Facebook is ubiquitous on college campuses all around the country and is quickly spreading around the world. More than just a “social networking” website, it also serves as a way for teachers and students to communicate, acquaintances to learn more about each other, a quick reference sheet for personal information and a great way to stalk your friends (in the less scary sense of the word). As the number of Facebook users grows, so do the groups and events that go with them. These serve as means of connecting people with common interests or activities and can be quite the useful organizational tool. However, these things can also be negative. Some people share their most private information and emotions through Facebook and similar websites, allowing anyone with internet access and time to learn everything about them. Even things we think are private can be seen by many more people than we realize, some of whom may not have good intentions. Do the communicative properties of Facebook outweigh the openness with which some people approach it? Is Facebook good, evil or indifferent? It seems to me that Facebook is still a boon to society at this point in time, though with its widening circle of users and information, it may not be in the future.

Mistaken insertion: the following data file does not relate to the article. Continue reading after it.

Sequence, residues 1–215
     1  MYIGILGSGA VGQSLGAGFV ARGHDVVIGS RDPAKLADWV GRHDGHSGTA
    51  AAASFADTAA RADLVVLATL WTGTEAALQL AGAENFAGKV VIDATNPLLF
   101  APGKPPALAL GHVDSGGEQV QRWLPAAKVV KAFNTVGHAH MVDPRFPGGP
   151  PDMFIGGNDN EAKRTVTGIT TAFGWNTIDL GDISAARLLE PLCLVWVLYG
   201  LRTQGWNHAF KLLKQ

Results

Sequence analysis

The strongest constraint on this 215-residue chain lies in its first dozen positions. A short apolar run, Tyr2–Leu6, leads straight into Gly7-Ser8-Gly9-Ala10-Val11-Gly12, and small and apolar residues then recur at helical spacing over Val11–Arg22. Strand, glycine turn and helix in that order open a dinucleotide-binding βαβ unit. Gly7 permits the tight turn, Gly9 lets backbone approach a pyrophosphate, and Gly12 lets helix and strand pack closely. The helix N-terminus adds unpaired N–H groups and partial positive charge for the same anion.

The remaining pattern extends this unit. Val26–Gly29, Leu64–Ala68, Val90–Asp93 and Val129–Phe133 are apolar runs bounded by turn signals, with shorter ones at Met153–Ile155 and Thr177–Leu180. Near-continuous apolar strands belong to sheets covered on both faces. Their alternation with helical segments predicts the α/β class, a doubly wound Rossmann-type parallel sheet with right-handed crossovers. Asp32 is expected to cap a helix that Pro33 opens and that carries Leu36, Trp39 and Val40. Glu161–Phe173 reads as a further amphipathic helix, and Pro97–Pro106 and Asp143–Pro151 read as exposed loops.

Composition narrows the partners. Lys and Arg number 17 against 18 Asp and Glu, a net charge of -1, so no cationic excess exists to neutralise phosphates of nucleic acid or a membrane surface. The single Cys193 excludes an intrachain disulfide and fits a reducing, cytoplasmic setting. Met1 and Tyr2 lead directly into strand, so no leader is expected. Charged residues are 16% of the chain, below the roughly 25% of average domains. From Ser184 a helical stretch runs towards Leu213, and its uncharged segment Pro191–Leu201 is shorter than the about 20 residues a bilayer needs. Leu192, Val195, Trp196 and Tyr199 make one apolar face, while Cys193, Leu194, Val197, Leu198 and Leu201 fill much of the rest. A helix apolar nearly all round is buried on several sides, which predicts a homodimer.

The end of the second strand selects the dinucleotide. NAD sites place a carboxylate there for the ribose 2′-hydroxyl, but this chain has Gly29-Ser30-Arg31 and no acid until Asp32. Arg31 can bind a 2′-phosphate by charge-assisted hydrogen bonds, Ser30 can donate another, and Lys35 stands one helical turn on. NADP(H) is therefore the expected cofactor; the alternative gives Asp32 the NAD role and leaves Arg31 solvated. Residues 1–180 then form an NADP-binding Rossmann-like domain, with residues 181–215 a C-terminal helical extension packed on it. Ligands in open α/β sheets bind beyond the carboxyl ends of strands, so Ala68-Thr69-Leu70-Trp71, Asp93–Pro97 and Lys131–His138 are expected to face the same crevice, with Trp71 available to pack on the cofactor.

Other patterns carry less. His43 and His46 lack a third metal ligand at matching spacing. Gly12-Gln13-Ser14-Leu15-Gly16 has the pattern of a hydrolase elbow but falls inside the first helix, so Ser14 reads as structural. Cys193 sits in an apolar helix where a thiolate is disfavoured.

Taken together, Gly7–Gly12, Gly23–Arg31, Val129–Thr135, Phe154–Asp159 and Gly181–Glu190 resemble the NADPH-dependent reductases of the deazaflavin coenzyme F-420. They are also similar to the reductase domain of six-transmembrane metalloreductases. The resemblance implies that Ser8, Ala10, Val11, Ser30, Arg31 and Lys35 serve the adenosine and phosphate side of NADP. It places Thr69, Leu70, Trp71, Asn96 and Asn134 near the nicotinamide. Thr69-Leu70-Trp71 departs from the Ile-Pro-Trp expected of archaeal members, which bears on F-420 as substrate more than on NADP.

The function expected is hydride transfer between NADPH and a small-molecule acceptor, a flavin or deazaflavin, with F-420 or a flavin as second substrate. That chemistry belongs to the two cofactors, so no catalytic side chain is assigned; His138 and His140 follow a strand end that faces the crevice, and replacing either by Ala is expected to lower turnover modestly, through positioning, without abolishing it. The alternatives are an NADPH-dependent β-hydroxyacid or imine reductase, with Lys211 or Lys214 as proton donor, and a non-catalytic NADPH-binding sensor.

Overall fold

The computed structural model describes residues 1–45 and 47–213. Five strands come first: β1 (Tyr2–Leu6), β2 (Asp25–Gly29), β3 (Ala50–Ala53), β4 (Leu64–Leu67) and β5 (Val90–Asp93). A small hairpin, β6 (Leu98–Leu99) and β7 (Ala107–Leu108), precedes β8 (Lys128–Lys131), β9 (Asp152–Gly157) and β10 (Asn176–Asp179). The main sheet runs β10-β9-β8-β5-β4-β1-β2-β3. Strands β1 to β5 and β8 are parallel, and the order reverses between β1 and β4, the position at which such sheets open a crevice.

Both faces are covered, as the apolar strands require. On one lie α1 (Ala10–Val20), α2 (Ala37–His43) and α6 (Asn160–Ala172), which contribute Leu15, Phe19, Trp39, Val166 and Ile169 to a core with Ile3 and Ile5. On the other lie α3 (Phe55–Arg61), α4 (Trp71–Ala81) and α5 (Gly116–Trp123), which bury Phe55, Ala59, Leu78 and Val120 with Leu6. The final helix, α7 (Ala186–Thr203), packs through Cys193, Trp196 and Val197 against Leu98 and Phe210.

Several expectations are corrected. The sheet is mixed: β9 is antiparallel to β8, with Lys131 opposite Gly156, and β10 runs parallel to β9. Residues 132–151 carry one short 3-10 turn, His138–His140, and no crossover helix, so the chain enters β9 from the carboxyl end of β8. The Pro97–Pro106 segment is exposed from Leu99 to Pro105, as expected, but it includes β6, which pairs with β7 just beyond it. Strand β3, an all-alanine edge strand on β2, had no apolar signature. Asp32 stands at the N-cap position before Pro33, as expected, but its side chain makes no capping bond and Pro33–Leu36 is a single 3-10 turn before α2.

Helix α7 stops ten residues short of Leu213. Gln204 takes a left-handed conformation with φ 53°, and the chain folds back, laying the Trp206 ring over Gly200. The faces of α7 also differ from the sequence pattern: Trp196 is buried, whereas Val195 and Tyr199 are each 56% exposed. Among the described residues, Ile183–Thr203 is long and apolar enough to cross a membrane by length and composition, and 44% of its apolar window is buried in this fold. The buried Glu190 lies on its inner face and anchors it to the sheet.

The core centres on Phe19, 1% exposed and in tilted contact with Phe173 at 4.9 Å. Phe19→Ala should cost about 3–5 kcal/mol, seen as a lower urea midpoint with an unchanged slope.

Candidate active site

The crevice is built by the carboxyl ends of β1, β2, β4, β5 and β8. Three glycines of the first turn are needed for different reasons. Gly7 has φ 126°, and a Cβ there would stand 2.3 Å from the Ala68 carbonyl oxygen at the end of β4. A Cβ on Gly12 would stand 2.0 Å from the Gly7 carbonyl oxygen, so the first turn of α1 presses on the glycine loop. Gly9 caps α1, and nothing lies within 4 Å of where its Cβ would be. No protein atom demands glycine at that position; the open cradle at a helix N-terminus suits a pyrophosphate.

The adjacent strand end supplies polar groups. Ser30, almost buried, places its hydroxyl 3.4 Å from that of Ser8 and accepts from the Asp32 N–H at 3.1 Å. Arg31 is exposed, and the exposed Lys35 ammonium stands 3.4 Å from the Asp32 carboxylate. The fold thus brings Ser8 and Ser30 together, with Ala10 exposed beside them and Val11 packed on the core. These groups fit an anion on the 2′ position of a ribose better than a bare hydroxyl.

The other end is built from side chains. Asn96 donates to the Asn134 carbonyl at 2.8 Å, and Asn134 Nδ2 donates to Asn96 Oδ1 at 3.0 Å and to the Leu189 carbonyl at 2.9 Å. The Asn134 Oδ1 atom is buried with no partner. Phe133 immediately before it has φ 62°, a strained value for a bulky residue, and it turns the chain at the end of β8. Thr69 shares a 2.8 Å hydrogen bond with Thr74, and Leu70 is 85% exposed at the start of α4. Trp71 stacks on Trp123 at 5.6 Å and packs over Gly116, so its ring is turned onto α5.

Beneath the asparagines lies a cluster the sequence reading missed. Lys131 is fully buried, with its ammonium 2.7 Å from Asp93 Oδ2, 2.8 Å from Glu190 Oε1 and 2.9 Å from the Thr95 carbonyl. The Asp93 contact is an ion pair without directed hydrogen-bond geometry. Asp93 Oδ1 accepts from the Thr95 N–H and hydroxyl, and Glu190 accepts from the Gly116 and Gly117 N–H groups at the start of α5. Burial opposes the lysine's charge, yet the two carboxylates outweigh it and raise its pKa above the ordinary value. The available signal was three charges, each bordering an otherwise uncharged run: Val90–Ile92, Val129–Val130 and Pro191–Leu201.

So what of the future? In the age of Facebook, can we see the future as bright or grim or is it still shrouded in mystery? Just as people find hope in political figures, some of us can find hope in Facebook. Picture this with me: if Facebook continues its nearly exponential growth, it could very easily become a dominating force in society. Facebook could become the symbol of a generation, much like the peace sign represented the 1960s and 1970s. Millions, nay billions, of people could use the website for casual communication, meetings, passing along important information, planning and much more. If this possible future becomes a reality, then those who run Facebook would, in essence, rule the world. They could have access to the thoughts and discussions of every member of the website and, through them, the majority of the rest of the world as well. Only those in remote areas without computers, access to the internet or friendship with someone with a computer and internet access would remain unaffected. In this way, the men and women behind Facebook could take control of the world. Their rule, however, could be a tyranny or a benevolent dictatorship. Facebook might someday become the next Fidel Castro (only on an international level) or, if the idea of a website running your life does not appeal to you, it could just eventually fall by the cultural wayside, forgotten and ignored. Kind of like Yahoo! 360°.